The second part of Divehappy’s interview with Diving The World authors Beth and Shaun Tierney. Read Part One if you want to start at the beginning
Is there one particular place that is your all time favourite?
Indonesia, and, well, Indonesia. Because the country is huge and there is such a variety of diving and dive styles. But that’s a very personal thing.
How do the reports in the book differ from those that can be found on seafocus.com?
SeaFocus was built as an image showcase really, to show anyone who was interested what we had seen. The dive reports are short and sharp and pretty much personal opinion. The book was written to be as objective as possible and we made our personal opinions pretty clear. There were places included in the book that we liked less, but we included them as we know others have loved them. We all have different tastes, after all.
How will you keep the book’s info updated?
We keep our ears to the ground on changes and when we get to second edition we will have to do some serious research and maybe go back to some. Now there’s a thought!
When was your last dive in Asia and when’s the next one scheduled?
Two days after Diving the World was launched we headed out to Bali for a holiday. Unfortunately, I had slipped and cracked a couple of ribs a few weeks previously so only managed a few dives. We did – naturally – revisit the Tulamben wreck, one of our all time faves. Next we are heading back to Christmas Island as we were fascinated by the island as a whole and next Spring we have been invited to visit a completely new dive destination. Watch this space!
What’s your favourite place to dive in Asia?
Aaah, hard to choose a single place…. In Indonesia, Lembeh and Irian Jaya, but Kapalai off Borneo is snapping at the heels of that statement. Then if you had asked what our most favourite single dive was, we’d mention Richelieu Rock as it’s where we saw whaleshark after whaleshark. But as a whole, Asia is our favourite part of the world.
What’s Shaun’s favourite place to photograph in Asia?
When I asked, not knowing what I just said, he pretty much repeated what’s above along with “can I mention Papua New Guinea?” It’s really in the Pacific but we loved all our time there, too.
The photos in DTW are uniformly stunning – what gear set up does Shaun use?
Thanks for the compliment! 99% of the underwater images were taken on Fuji Film with Nikon F90s in Sea & Sea housings with either Ikelite 50s or Sea & Sea YS90 strobes. There are a couple of shots from a trusty old Nikonos V. A lot of the land images were taken with our baby digital Nikon Coolpix 5200) which even earned it’s keep as a back-up with a couple of underwater images when the film ran out.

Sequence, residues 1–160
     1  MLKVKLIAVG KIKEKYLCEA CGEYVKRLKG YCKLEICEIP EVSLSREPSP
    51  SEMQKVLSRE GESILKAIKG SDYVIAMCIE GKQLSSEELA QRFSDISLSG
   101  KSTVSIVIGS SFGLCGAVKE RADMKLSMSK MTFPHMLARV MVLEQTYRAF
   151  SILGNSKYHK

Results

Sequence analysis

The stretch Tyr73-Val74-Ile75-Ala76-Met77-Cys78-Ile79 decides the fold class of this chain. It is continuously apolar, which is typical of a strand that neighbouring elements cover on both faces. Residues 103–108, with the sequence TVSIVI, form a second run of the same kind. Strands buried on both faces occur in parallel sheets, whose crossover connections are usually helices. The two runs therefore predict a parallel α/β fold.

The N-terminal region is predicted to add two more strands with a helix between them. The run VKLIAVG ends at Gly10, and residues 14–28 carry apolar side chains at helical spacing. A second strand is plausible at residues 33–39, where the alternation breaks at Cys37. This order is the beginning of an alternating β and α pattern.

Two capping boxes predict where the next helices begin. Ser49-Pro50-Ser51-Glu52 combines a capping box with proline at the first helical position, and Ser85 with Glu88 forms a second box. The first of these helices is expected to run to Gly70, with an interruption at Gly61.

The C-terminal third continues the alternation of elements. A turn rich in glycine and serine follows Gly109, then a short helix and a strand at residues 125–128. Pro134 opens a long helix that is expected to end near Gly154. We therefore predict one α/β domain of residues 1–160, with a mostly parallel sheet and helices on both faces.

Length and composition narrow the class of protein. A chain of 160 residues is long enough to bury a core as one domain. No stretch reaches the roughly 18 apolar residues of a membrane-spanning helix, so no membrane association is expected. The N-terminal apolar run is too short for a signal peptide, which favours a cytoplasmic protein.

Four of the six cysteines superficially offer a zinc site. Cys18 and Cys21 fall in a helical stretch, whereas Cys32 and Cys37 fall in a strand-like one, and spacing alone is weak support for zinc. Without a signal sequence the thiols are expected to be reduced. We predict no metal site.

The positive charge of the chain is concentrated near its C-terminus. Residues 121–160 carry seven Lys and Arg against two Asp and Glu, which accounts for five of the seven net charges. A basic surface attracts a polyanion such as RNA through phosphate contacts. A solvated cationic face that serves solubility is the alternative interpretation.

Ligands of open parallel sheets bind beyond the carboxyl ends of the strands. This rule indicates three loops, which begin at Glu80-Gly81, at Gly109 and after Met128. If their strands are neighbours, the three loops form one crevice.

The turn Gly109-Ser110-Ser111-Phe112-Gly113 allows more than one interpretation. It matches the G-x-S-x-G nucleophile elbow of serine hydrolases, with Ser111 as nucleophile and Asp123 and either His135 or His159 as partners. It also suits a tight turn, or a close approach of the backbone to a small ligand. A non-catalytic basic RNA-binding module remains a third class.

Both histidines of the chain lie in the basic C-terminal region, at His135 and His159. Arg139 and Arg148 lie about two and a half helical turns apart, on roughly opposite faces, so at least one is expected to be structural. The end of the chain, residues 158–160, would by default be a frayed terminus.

Can Shaun recommend a good starter kit for underwater photography beginners who don’t want to invest thousands in an SLR and strobes etc?
He has always been a Nikon person, and bought the Nikon Coolpix 5200 specifically for the book as a “back up – happy snapping – always keep in your pocket (land or BC)” camera. It has really proved its worth but the little Nikon underwater housing isn’t as sophisticated as some. There are so many on the market these days and they’re all pretty good. He usually suggests that people get a little housing for whatever digital they already have, get the feel of that and then move up the scale depending on what they want to get out of it. But everyone needs to be aware that the better your equipment, the better chances of getting decent shots.
Does an Underwater Photography set-up differ from region to region in the world, or would you use the same gear everywhere?
The same kit goes everywhere. There’s the two housed Nikons, 4 strobes, 5 lenses and the baby-digi in her housing.
I’m sure many people would like your jobs…
It always sounds like everyone’s dream job, but believe me, for DTW we slogged over the keyboard and light box 24/7 for over a year. Yes, it was worth it but people always think we are just off on another holiday and have no idea what all this involves. The magazine work is a little less pressured because they are short term and based on opinion, while a book has a long shelf life and has to be accurate and non-libelous and still be exciting!
Can you give a sense of what a typical year’s schedule is like for you both? How do you finance these amazing trips? Is it non stop travelling? How far in advance do you have your trips mapped out?
Our more typical years have been 2 or 3 long hauls to places where we have article commissions. This helps us offset the costs but in all honestly, it never pays for it all. This is not a business to make a million! Putting the book together felt like non-stop travelling, certainly our cat has yet to forgive us for our extended absences. Outside of DTW, I nearly always have one trip in planning even as we leave for the current one as I just have to know there is always something to look forward to. The sense of excitement and anticipation is as strong as it ever was!
Thanks to Beth and Shaun for their time answering all my questions, and here’s hoping Diving The World remains in print for many years to come.